At the time of its suspension, the SADC Tribunal had handed down 19 decisions of which 11 concerned Zimbabwe. Of these decisions eight were related to the Campbell and Others v Zimbabwe (Merits), Case No SADC (T) 2/2007, (8 November 2008)). Two of the three remaining cases involving Zimbabwe also concerned the violation of human rights. In Luke Tembani v Republic of Zimbabwe (Case No SADC (T) 07/2008 (14 August 2009)) the applicant had been denied a fair hearing after the seizure of his mortgaged property, while in Gondo and Others v Republic of Zimbabwe (Case No (SADC) (T) T) 05/2008 (9 December 2010)), the Zimbabwean Government had refused to give effect to court orders of Zimbabwean domestic courts that provided relief for victims of violence and thereby denying their right to a remedy. The final decision concerning Zimbabwe, United People’s Party of Zimbabwe v SADC and Others, Case No SADC (T) 12/2008 (11 June 2012)) related to the exclusion of the United Peoples’ Party of Zimbabwe from the power-sharing process in Zimbabwe that was mandated by the SADC during an Extraordinary Summit in March 2007.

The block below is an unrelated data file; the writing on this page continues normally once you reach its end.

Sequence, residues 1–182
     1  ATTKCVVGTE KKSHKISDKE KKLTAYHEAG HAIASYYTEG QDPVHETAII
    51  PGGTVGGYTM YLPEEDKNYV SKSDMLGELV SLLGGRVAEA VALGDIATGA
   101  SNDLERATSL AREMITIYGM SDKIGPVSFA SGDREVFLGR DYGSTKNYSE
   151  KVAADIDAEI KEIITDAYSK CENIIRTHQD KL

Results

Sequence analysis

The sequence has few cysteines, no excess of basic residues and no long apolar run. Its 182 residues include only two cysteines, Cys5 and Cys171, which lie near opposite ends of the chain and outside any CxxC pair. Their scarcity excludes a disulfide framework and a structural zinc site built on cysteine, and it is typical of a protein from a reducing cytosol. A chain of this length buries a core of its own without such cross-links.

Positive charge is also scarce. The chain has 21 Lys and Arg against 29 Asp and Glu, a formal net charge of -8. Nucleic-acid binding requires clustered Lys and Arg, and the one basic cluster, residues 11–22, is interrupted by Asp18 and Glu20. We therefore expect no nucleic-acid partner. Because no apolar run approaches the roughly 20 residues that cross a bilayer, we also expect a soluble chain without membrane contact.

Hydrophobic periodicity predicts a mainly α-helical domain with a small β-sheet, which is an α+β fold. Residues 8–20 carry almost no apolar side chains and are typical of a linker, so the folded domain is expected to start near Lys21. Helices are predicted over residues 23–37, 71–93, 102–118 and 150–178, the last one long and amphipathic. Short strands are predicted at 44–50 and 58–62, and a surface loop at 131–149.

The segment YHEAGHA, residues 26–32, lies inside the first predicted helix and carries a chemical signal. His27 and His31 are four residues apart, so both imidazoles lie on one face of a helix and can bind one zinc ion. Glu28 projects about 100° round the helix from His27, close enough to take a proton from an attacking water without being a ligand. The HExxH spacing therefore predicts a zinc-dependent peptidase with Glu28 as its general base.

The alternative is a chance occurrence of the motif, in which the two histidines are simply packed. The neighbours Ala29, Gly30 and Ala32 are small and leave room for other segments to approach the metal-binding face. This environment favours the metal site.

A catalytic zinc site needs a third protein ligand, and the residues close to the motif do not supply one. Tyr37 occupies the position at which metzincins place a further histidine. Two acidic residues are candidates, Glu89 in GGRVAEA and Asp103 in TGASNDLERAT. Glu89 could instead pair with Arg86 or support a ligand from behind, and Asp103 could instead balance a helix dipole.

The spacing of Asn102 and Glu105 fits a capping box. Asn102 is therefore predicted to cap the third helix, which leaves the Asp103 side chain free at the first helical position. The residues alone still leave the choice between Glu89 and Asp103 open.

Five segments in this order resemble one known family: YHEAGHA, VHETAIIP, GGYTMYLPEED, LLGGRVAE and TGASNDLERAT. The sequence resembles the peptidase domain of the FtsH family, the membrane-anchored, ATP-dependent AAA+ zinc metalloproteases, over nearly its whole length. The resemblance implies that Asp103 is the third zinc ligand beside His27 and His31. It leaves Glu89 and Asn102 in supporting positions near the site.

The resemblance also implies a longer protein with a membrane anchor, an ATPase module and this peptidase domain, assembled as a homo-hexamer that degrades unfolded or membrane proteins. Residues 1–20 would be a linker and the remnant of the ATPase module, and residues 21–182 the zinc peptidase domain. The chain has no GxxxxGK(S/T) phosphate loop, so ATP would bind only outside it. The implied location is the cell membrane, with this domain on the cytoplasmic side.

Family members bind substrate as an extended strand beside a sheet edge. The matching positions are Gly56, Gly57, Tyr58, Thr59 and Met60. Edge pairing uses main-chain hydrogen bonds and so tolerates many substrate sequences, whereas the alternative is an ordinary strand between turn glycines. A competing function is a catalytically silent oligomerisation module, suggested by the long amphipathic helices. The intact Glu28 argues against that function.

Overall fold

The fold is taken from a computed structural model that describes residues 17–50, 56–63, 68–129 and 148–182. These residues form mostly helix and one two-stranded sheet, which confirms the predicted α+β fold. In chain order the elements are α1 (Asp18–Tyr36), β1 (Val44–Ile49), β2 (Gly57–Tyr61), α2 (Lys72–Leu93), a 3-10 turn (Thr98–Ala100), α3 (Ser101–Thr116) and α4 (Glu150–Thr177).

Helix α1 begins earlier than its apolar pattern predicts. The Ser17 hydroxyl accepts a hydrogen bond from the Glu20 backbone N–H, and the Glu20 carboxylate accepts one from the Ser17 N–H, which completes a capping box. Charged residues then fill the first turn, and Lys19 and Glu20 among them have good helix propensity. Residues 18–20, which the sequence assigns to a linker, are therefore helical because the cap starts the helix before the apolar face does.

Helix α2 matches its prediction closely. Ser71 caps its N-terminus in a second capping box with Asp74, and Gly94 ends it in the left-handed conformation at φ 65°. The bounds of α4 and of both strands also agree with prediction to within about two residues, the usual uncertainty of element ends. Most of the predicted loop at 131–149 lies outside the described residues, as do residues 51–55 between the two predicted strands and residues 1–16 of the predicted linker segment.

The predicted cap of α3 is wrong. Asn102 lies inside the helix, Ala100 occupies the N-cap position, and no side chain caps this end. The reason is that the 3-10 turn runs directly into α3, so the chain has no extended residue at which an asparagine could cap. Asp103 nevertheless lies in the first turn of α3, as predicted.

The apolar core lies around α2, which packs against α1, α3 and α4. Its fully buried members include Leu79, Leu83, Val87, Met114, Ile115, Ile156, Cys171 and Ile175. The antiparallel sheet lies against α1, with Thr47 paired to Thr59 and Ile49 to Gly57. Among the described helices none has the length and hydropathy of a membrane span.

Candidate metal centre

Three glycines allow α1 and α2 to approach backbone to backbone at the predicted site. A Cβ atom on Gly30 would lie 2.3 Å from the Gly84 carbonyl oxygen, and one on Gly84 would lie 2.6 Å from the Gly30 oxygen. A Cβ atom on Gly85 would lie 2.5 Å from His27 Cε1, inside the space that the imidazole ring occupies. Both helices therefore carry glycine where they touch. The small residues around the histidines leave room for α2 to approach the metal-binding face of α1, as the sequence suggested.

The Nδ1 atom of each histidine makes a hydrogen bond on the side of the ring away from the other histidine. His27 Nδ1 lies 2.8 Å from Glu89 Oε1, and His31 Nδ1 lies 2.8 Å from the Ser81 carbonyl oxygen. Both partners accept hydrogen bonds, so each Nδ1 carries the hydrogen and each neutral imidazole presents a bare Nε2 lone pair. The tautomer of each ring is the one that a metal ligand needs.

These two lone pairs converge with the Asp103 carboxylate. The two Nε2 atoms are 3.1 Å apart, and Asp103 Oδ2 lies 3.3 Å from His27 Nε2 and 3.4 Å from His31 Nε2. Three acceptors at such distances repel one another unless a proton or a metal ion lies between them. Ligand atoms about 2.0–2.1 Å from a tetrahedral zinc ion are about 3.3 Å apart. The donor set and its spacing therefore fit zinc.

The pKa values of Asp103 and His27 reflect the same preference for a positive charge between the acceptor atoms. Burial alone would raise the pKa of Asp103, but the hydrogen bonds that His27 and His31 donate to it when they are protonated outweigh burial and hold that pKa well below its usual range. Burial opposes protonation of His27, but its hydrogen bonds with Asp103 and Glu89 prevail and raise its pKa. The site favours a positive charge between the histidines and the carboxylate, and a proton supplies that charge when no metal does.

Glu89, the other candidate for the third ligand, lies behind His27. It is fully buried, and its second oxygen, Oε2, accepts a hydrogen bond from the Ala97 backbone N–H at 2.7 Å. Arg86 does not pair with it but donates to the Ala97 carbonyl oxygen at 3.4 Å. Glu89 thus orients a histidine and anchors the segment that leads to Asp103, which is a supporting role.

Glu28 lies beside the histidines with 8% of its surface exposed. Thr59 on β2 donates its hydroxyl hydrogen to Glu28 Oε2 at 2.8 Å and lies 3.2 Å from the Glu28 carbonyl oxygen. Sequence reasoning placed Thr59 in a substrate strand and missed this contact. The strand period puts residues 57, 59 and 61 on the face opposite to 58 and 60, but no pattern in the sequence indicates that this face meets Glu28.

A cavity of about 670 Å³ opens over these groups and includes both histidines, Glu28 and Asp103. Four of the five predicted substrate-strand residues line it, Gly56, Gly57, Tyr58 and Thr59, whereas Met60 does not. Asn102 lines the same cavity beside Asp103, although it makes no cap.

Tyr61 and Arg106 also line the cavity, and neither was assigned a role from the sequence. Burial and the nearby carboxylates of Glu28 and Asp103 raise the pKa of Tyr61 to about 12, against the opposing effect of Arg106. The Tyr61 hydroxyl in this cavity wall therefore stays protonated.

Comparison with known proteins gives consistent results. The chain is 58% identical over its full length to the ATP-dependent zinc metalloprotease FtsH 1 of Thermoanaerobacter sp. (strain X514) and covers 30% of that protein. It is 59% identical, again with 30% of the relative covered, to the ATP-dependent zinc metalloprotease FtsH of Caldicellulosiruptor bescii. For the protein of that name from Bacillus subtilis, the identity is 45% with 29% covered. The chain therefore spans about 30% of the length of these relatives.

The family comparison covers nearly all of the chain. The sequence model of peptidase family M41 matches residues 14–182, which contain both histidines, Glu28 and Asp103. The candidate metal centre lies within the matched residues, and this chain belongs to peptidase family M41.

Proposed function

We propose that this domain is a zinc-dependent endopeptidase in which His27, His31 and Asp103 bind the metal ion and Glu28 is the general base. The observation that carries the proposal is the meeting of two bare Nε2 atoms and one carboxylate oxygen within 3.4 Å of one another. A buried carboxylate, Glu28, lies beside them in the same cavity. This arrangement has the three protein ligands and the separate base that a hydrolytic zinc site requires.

Of the remaining eight cases five concerned internal employment disputes between the SADC and its employees. The remaining three decisions concerned a default judgment against the Democratic Republic of Congo (DRC) for unlawful seizure of property (Bach’s Transport (PTY) LTD v Democratic Republic of Congo Case No SADC (T) 14/2008 (11 June 2010)); a denial of jurisdiction in a case involving deportation from Tanzania due to lack of exhaustion of local remedies (The United Republic of Tanzania v Cimexpan (Mauritius) LTD and Others, Case No SADC (T) 01/2009 (11 June 2010); and a condonation of a late filing of defence by the Government of Lesotho in a case concerning the cancellation and revocation of mineral leases (Swissbourgh Diamond Mines and Others v The Kingdom of Lesotho, Case No. SADC (T) 04/2009 (11 June 2010)). Read the rest of this entry…